Current approaches to monetary theory and policy owe much to the "quantity theory of money." However, recent theoretical developments suggest that the manner in which money is introduced is more important, even for price level movements, than the quantity of money. Colonial American experience provides a laboratory for discriminating between these views. It is shown here that the nature of backing, rather than the quantity of money, determined its value. Large secular inflations were ended by changing the nature of backing despite the continuance of large note issues (and despite the absence of a metallic standard). Extremely large note issues and note withdrawals are shown not to have produced inflation (currency depreciation) or deflation (currency appreciation).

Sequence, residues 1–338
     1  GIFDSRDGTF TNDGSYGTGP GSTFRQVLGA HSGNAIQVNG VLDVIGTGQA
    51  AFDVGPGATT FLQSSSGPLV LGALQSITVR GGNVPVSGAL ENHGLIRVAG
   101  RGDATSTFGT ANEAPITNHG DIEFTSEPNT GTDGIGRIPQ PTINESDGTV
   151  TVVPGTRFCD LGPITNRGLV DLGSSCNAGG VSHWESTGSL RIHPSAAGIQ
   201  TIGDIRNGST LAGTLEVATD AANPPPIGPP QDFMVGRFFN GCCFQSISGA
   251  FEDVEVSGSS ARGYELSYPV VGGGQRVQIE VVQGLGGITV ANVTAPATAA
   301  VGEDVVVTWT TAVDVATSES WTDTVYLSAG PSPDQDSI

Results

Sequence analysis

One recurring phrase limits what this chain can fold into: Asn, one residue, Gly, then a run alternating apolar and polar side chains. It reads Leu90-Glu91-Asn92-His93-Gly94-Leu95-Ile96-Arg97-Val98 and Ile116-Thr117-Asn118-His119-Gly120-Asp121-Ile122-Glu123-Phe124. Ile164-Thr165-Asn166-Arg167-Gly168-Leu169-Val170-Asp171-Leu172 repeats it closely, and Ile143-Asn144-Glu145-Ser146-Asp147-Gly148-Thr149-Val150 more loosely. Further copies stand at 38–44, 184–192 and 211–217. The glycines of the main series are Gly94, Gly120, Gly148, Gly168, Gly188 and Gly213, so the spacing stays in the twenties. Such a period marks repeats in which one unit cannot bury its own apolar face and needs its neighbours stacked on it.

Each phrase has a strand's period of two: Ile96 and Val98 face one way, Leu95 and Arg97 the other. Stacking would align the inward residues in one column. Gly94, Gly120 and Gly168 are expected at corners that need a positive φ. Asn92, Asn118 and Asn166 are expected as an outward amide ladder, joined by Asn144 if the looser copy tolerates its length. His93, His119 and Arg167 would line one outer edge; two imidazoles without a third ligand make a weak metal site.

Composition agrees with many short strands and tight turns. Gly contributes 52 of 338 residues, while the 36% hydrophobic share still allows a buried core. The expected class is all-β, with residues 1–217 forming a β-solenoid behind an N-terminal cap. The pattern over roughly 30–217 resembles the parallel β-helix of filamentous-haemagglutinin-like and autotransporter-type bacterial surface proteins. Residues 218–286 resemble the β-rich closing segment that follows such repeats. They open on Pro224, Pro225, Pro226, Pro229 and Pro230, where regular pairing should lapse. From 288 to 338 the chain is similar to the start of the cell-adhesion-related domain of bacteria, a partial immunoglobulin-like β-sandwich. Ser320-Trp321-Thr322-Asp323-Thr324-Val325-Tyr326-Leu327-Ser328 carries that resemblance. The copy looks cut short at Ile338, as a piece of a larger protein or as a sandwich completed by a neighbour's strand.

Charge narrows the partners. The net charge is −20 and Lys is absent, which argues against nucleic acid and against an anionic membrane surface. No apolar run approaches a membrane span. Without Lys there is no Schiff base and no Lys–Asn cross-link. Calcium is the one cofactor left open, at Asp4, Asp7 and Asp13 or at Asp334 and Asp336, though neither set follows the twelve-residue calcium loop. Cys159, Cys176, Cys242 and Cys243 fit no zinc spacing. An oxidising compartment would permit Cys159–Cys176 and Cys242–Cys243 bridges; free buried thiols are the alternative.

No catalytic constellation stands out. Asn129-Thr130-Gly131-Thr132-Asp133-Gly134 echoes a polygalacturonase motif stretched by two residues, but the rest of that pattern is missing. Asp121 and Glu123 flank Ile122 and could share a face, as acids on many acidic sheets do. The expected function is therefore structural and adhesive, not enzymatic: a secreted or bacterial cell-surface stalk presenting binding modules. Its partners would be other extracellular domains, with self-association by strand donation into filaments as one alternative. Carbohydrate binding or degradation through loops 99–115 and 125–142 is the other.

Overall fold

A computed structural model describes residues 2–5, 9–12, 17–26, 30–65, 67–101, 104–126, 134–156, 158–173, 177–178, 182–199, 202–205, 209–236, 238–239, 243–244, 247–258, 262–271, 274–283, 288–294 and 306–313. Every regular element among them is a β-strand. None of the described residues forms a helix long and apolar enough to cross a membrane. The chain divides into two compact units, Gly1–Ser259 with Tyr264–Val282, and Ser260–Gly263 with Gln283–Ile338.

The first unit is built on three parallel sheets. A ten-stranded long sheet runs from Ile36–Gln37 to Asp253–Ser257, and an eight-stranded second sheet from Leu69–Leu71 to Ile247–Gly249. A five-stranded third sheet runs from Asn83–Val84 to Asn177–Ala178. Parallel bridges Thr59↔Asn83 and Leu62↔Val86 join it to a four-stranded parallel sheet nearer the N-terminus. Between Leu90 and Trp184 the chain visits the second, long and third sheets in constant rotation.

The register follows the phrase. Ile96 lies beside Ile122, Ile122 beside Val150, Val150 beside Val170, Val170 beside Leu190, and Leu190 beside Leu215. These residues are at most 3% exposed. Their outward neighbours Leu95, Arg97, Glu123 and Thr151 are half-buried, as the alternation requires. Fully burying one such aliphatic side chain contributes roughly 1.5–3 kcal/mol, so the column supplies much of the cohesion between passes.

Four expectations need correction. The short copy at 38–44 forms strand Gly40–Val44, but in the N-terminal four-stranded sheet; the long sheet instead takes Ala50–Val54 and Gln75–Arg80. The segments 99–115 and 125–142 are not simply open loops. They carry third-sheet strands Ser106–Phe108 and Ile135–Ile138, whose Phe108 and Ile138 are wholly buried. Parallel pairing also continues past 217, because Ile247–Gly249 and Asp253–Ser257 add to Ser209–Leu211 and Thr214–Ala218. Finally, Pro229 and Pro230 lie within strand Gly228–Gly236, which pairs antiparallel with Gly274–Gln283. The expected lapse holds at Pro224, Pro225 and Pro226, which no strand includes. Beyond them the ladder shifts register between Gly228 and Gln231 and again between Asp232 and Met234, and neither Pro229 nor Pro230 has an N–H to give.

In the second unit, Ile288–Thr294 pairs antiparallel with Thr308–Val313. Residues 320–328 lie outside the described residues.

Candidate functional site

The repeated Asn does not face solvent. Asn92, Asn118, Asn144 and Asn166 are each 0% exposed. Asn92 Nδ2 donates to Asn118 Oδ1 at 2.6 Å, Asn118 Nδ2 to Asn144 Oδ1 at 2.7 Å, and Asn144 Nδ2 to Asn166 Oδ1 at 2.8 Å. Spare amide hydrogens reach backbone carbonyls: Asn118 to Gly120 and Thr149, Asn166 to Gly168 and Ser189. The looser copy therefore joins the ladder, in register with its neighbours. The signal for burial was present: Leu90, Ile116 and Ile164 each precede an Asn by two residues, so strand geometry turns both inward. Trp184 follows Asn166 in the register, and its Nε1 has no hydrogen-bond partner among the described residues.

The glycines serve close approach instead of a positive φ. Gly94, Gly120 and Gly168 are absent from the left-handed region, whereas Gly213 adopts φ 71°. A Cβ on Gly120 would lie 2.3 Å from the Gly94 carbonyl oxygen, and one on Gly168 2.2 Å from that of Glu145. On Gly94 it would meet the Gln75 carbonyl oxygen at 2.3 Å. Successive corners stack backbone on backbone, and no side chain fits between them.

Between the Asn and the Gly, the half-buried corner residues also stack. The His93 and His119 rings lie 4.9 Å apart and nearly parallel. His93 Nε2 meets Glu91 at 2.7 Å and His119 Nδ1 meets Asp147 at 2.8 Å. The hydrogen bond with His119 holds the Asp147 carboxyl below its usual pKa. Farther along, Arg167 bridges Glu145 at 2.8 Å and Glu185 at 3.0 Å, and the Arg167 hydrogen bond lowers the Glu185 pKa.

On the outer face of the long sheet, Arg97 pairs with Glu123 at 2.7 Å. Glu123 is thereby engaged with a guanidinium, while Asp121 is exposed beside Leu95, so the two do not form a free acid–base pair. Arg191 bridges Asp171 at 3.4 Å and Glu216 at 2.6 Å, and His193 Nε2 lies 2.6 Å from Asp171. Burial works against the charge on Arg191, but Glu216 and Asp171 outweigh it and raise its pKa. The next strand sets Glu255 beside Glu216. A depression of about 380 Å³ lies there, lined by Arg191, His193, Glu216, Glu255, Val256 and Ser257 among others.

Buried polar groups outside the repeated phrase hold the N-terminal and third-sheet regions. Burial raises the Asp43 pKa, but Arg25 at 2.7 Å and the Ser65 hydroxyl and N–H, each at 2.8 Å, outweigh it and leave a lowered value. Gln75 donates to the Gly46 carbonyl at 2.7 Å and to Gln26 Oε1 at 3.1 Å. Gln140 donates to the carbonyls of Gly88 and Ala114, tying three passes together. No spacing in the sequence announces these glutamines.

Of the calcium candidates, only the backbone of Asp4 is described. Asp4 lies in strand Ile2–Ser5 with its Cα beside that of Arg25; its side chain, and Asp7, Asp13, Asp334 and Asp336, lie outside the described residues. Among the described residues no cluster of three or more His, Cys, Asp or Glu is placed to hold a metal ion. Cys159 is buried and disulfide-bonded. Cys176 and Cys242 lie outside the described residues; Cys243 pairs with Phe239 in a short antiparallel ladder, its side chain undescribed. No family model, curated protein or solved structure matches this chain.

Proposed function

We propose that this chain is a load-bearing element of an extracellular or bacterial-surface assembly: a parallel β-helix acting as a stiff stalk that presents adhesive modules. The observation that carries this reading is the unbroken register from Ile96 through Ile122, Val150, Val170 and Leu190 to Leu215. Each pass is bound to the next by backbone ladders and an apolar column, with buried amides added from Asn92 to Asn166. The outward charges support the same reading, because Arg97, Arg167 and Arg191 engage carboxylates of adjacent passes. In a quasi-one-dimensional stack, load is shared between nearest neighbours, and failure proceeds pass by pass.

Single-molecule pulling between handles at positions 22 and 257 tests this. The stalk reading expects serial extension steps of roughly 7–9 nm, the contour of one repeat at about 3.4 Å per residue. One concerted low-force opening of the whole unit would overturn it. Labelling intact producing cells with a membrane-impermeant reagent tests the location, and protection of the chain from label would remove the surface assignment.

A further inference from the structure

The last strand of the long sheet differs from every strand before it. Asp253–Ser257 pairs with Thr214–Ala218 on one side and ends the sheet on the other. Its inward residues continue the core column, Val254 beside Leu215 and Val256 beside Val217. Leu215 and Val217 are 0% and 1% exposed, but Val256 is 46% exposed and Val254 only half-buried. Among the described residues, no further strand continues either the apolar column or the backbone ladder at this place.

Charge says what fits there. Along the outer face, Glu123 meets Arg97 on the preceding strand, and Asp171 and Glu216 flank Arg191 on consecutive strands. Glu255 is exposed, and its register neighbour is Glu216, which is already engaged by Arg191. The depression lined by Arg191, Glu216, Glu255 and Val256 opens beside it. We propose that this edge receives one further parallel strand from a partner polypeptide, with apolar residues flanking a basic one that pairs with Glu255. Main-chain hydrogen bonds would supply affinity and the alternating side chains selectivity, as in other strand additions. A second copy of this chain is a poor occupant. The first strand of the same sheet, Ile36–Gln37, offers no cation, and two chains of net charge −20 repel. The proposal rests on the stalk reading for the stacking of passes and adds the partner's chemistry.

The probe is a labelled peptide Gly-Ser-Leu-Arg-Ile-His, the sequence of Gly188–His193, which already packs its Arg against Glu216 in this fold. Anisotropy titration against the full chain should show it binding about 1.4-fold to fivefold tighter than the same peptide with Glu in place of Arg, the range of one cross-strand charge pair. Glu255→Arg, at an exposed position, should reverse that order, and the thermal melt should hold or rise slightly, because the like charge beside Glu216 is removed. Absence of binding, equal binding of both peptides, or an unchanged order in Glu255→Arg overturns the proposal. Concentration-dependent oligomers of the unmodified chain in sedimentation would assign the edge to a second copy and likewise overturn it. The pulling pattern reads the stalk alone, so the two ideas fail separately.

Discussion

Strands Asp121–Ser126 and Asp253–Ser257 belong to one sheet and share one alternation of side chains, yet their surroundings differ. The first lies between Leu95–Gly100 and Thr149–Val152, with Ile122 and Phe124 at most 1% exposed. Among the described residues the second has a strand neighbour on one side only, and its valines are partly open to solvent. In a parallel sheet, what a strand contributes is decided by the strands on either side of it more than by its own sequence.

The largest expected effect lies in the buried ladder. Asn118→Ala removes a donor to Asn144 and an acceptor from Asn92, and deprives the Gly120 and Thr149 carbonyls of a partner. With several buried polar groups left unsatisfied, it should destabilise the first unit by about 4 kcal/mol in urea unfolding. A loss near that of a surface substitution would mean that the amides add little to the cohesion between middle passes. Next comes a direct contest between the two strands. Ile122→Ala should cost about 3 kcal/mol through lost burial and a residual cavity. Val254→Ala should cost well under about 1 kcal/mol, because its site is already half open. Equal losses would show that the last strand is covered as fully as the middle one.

- E42 - Money and interest rates - Monetary systems ; Standards ; Regimes ; Government and the monetary system ; Payment systems
- E52 - Monetary policy, central banking, and the supply of money and credit - Monetary policy
- N11 - Macroeconomics and monetary economics ; Growth and fluctuations - United States ; Canada : Pre-1913
- American colonial monetary regimes : the failure of the quantity theory and some evidence in favour of an alternate view
- Federal Reserve Bank of Minneapolis. Research Division.
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